It wasn’t until my final day in Guatemala that I knew I wanted to go back.
In March and April of this year, I was lucky enough to get to head down to Guatemala with two of my then classmates at the University of Illinois (UIC) at Chicago College of Dentistry. Andrea Klein, Anuja Kothari and I spent five weeks in this Central American country as an international rotation experience just before we graduated in May. It was an amazing experience. We’re very thankful to Henry Schein Cares for their role in helping make our trip possible. Here’s our story:
We arrived in Guatemala the last week in March. This week is also known as Semana Santa, the Guatemalan Holy Week. We did not have clinic responsibilities during this week, as a lot of the country closes down to celebrate. So, we spent the first week in the city of Antigua. Antigua is a popular tourist destination, especially during Semana Santa. Religious processions dominate the streets of Santigua at all hours of the day and night. Our week there allowed us to view a lot of the processions, witness the assembly of many elaborate alfombras (carpets), and take a day trip to Pacaya, the most active Central American volcano over the past 300 years.
Our next four weeks were spent up in the Guatemalan mountains, near Lake Atitlán. Lake Atitlan is often hailed as the most beautiful lake in the world. We stayed in a town called Panajachel, on the northern side of Atitlán. This placed us just fourty five minutes from the clinic where we worked.
Our clinic was the Salud y Paz clinic in Camanchaj. Salud y Paz was originally founded in 2001. The project centers around providing education and healthcare to the underserved people of Guatemala. Salud y Paz is a joint project of the International Hands in Service, the Guatemalan Methodist Church, and the United Methodist Church of the United States.
The patients we saw at the Camanchaj Salud y Paz clinic were all students at the adjoining Susanna Welsley School. This school has three classrooms; one pre-kindergarten, one kindergarten, and one first grade. Our “little niños” ranged from four to eight years old.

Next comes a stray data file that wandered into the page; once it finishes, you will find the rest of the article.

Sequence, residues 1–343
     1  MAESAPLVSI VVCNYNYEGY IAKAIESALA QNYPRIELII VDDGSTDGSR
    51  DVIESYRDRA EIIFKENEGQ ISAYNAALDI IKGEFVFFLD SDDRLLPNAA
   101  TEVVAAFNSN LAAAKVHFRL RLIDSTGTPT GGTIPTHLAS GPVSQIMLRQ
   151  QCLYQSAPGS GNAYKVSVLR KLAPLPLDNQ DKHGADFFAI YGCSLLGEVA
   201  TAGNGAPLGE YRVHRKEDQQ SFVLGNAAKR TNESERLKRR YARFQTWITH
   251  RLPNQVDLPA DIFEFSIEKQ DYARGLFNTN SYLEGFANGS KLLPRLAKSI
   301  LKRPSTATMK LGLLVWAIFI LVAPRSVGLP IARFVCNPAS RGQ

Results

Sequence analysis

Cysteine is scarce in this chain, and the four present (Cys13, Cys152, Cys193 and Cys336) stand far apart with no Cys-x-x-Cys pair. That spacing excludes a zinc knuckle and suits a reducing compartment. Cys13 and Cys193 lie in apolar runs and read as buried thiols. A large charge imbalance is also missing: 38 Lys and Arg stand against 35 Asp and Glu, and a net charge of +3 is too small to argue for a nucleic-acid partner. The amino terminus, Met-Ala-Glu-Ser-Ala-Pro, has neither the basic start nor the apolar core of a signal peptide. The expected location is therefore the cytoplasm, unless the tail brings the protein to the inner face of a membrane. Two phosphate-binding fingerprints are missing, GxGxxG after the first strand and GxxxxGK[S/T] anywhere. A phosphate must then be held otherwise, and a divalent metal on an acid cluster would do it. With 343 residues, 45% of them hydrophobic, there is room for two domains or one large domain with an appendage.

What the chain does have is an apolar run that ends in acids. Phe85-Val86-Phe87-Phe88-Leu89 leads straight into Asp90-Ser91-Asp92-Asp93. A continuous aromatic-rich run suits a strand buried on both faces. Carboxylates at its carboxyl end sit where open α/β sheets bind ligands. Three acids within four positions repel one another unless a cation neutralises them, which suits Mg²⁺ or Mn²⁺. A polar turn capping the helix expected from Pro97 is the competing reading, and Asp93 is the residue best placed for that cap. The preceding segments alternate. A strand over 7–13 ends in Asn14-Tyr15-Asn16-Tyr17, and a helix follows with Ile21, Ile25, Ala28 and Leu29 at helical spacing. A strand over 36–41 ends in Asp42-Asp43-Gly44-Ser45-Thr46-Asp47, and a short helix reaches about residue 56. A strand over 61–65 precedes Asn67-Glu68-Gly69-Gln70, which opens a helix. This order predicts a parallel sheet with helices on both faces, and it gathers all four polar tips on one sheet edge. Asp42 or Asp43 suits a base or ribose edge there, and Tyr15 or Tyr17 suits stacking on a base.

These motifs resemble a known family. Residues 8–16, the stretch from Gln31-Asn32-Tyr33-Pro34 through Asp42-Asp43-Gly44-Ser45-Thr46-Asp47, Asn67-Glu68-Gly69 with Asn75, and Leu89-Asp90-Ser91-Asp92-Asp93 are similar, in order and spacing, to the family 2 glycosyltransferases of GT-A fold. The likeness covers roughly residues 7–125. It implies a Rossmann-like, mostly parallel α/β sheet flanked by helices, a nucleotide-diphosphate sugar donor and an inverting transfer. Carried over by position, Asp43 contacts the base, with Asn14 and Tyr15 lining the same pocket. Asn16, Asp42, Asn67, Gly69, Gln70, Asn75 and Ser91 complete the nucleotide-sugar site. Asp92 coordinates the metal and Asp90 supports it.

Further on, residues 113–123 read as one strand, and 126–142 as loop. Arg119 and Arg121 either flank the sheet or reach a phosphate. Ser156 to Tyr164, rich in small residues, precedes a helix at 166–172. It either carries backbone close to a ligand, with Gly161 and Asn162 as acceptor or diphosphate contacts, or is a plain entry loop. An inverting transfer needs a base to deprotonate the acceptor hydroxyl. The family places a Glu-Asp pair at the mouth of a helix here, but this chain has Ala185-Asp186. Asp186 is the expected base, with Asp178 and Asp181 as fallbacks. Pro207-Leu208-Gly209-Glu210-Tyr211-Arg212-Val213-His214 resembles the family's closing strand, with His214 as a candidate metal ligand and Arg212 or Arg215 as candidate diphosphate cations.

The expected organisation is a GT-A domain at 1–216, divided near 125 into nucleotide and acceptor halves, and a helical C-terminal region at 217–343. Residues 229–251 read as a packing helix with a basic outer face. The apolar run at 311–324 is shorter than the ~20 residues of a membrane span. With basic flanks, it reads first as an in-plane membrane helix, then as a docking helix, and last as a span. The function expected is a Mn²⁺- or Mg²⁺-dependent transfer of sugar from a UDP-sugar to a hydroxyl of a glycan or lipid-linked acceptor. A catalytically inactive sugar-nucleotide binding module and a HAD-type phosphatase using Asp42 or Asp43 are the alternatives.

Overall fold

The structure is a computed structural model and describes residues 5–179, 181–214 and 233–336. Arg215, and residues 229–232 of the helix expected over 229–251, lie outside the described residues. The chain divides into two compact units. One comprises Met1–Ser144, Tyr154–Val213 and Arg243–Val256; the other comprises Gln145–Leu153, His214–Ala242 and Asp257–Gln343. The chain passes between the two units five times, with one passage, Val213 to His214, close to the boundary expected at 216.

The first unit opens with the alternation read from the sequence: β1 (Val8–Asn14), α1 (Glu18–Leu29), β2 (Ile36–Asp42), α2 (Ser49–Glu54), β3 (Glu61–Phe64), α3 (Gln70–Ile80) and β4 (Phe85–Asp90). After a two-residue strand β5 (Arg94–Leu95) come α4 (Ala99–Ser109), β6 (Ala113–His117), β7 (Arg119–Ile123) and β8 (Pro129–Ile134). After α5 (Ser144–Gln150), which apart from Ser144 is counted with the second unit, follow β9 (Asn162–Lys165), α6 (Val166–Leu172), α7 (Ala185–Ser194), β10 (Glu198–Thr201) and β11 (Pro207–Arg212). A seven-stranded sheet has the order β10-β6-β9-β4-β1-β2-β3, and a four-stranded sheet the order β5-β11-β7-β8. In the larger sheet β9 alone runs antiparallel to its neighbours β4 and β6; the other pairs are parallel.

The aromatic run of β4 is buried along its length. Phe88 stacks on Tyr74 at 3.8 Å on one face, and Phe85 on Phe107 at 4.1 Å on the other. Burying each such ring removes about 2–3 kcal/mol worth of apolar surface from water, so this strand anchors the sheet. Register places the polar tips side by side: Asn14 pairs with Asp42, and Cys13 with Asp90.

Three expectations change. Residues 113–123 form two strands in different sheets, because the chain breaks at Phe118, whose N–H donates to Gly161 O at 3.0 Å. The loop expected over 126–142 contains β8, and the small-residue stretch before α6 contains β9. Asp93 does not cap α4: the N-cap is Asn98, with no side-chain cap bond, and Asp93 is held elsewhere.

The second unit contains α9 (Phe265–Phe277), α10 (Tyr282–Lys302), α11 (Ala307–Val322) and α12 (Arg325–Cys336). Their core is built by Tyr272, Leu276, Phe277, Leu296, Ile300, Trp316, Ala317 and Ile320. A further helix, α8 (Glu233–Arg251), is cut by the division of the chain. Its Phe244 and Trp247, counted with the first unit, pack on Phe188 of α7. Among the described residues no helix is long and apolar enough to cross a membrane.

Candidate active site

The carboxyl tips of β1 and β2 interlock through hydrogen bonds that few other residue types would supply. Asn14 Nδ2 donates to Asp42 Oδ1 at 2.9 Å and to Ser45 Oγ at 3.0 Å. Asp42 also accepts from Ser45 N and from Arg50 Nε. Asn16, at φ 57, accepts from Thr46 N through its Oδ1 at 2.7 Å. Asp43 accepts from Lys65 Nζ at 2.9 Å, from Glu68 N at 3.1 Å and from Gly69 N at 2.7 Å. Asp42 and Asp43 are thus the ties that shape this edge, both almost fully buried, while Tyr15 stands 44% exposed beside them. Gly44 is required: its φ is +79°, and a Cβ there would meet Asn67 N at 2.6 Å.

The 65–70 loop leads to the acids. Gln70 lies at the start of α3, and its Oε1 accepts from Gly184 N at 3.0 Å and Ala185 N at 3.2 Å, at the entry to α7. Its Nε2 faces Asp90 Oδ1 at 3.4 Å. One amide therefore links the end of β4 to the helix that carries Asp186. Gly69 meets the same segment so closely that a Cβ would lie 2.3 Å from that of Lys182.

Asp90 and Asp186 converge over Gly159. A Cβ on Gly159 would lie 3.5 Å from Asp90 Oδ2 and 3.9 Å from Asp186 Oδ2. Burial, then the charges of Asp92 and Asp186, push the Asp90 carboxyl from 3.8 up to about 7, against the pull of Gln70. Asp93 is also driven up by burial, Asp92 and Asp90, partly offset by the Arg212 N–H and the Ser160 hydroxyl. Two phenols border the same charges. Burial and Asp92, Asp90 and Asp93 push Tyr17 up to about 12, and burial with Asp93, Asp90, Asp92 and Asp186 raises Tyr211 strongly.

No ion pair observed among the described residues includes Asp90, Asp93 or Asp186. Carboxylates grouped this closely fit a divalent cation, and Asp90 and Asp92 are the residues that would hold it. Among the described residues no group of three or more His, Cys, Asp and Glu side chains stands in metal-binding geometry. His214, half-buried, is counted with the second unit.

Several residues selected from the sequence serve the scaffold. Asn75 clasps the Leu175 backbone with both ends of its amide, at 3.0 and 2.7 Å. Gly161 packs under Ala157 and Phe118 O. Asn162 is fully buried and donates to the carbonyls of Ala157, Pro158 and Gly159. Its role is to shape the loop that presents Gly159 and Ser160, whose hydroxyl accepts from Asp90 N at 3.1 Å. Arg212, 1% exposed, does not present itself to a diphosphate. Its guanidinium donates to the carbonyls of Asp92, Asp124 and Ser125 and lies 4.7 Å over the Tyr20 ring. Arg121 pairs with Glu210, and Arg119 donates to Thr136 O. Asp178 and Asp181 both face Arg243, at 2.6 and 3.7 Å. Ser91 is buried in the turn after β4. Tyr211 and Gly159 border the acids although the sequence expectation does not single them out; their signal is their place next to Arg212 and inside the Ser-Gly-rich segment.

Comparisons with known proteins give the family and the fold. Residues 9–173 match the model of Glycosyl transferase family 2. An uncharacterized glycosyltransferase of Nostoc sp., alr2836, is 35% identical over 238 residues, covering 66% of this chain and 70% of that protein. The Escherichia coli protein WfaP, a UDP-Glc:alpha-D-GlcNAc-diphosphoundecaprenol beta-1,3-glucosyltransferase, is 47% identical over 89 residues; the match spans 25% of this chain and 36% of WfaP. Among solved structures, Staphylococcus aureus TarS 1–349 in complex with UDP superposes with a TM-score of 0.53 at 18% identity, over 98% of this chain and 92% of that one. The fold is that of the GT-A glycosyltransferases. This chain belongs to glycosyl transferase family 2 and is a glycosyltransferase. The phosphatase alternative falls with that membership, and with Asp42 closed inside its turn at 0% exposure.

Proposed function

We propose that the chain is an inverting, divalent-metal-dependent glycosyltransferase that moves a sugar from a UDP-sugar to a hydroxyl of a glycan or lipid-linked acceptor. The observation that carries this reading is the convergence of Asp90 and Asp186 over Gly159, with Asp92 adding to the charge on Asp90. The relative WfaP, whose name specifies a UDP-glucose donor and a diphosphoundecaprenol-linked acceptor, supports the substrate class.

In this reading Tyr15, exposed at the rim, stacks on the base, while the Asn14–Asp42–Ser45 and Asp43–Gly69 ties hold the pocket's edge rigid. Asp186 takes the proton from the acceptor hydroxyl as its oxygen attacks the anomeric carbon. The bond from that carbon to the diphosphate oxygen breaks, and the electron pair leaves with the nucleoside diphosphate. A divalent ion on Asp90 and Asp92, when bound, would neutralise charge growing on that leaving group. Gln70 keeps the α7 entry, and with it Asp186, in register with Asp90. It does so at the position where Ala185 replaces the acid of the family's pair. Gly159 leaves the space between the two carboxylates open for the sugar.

We saw a total of fourty seven adorable boys and girls. Only two of them were cavity free, and 32% of the teeth we saw had cavities. Believe it or not, this is an improvement from three years ago; when UIC first sent dental students down to Guatemala. In 2011, all of the children at Salud y Paz and 45% of all teeth had cavities. During our four weeks in clinic, we worked to restore all of the teeth that we could, performed pulpotomies where indicated, and extracted non-restorable teeth. By the time that we left, twenty one of our niños had all of their work completed.
The Henry Schein Cares Foundation was instrumental in making the care we provided possible. They generously donated many of the items that we needed in clinic. We made good use of the gloves, masks, gauze, flouride, and other supplies that they provided. When they weren’t crying in our chairs, our little niños were very appreciative of our efforts, which they ended up showing on our last day.
Unbeknownst to us, the children had been working on homemade thank you cards. At lunchtime on our last day, we were brought out to the dirt playground and showered with colorful cards, strong hugs, and a few teary eyes. As I squatted to the ground with a dozen cards in my hand and a half dozen niños hanging from my neck, I knew I had to come back.
The entire experience was unforgettable. Finding out on the last day how much we were appreciated made it clear that a return trip would be necessary someday. Anuja, Andrea and I are all currently completing residency programs; however we expect to return to Guatemala when an opportunity presents itself.
Ben Youel, DDS